Remembering experimental particle physicist George Trilling

Trilling, a physicist at Berkeley Lab and longtime professor at Cal, was a leader in the high-energy physics community. He lived in Berkeley for 60 years and was passionate about traveling.

George H. Trilling: Sept. 18, 1930 – April 30, 2020

Obituary written by Maya and David Trilling: George was born in Bialystok, Poland in 1930 where his family owned a blanket factory. A few months after he was born, his family moved to Nice, France. His grandfather was worried about the political situation at the time in Poland, especially for Jews like themselves.  

It was in Nice that George’s earliest memories developed. There, he learned to speak French. This gave him added pleasure the year he spent in Paris at the Ecole Polytechnique and on the two sabbaticals he spent in Switzerland and when he worked at CERN. His last sabbatical was also in Paris.

During these early years of George’s life, he and his family spent the first part of their summers in the Swiss and French Alps and the second part traveling around Europe. It was from these summer experiences that he developed his lifelong passion for the mountains and for traveling.

In the late 1930s, with the Italians having made an alliance with the Germans, and Nice being so close to the Italian border, George’s family found themselves fearful for their future. By late 1940, via some circuitous routes, they eventually all made it to the United States. They first lived in Chicago where George’s uncle and brother went to college. They later moved west after the boys graduated and went to graduate school in California.

George and his family settled in Los Angeles where his parents and grandparents lived for the rest of their lives. His university education was at Caltech. He got his undergraduate degree in 1951 and his Ph.D. in 1955. For his Ph.D., George’s graduate advisor was Nobel Laureate Carl Anderson. 1955 was also the year that George got married. His bride, Maya Monic, was also born in Poland and lived in France as a child.  

George started his academic career at the University of Michigan in 1957. In 1961 he moved to UC Berkeley.  

Photo: Courtesy

George lived the last 60 years of his life in Berkeley. He enjoyed picnicking and hiking in Tilden, while Lake Anza was a favorite summer destination. With his children, and later with his grandchildren, he enjoyed Tilden’s steam trains, the little farm and Jewel Lake. He also took pleasure in visiting the Lawrence Hall of Science, particularly with his grandchildren. As walking became more difficult, outings were largely limited to the Berkeley Marina where he enjoyed viewing the kite flying, taking a nice walk around the well-marked trails, and appreciating the glorious views.  


George also enjoyed traveling to professional meetings, for vacation, or combining the two with Maya. He loved driving on the narrow mountain roads to reach particular destinations.  

George followed politics and public policy very closely in his adopted country throughout his life. He could be outspoken among friends and family when political issues arose. He believed strongly in public schools and sent his kids through the Berkeley public schools. He was a frequent donor to political candidates who championed his values.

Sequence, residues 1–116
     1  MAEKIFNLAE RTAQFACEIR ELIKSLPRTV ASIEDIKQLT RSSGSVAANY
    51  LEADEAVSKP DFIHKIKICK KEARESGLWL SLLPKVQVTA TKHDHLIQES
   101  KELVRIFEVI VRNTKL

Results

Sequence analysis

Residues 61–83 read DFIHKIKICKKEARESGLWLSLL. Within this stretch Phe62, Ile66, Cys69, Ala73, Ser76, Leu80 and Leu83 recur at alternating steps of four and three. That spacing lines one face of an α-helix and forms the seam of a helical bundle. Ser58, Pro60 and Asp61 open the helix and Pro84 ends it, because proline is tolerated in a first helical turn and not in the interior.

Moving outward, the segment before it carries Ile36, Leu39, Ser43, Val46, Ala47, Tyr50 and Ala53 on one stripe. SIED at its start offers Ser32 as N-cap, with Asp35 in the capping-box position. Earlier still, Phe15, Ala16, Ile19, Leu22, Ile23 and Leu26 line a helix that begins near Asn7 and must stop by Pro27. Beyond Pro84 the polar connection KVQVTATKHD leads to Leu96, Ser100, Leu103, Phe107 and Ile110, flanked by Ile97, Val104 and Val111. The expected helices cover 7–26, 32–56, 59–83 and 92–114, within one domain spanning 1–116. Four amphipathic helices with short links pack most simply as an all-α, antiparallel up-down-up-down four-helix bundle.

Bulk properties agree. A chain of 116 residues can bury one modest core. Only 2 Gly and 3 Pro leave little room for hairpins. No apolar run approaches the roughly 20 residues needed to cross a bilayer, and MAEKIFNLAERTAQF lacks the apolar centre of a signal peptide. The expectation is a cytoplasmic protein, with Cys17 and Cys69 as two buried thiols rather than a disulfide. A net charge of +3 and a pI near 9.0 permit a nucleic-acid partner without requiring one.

George is survived by his wife, Maya; two sons, David and Stephen (wife Wendi), daughter Yvonne (husband Daniel Kirsch), and four grandchildren.  In lieu of flowers, please consider a donation to the Berkeley Physics Department.  


Photo: Courtesy

Obituary written by Robert Cahn, a physicist at Berkeley Lab: George Trilling, an experimental particle physicist at Lawrence Berkeley National Laboratory and longtime professor at UC Berkeley, who for decades was a leader in the high-energy physics community, passed away April 30, 2020, at the age of 89.

He began his career using cloud chambers under the direction of Carl Anderson, discoverer of the positron, and finished as a member of one of the two teams that discovered the Higgs boson. Born in Bialystok, Poland, he had emigrated with his family to France in 1931 and then to the U.S. in 1940.

He joined UC Berkeley and Berkeley Lab in 1960 and co-led a research team with Gerson Goldhaber, initially using the bubble chamber technique. Bubble chambers were used to identify particles and particle interactions by their visible tracks, captured in photographic film.

In 1972 the Trilling-Goldhaber group joined with a team led by Burton Richter and Martin Perl at the Stanford Linear Accelerator Center (SLAC) to study electron-positron collisions at a new facility, SPEAR (Stanford Positron Electron Asymmetric Rings). Their collaboration discovered the remarkable J/psi particle, simultaneously found by a group headed by MIT Professor Samuel Ting. The discovery led to the award of the Nobel Prize in physics in 1976. The joint team at SLAC then discovered “charmed” particles, proving the existence of the fourth quark.

Trilling was instrumental in establishing the Superconducting Super Collider (SSC) as the highest-priority HEP project in the 1980s. As the SSC project developed, George became spokesperson for one of the two large detector collaborations, the Solenoidal Detector Collaboration (SDC). When the SSC project was terminated in 1993, Trilling continued on with the ATLAS collaboration, working at the LHC (Large Hadron Collider) at CERN.

Trillling was elected as a member of the National Academy of Sciences in 1983 and served as President of the American Physical Society in 2001. He served as chair of the UC Berkeley Department of Physics from 1968-72, and directed the Berkeley Lab Physics Division from 1984-87. He obtained his bachelor’s degree in science (1951) and Ph.D. in physics (1955) from the California Institute of Technology in Pasadena, California.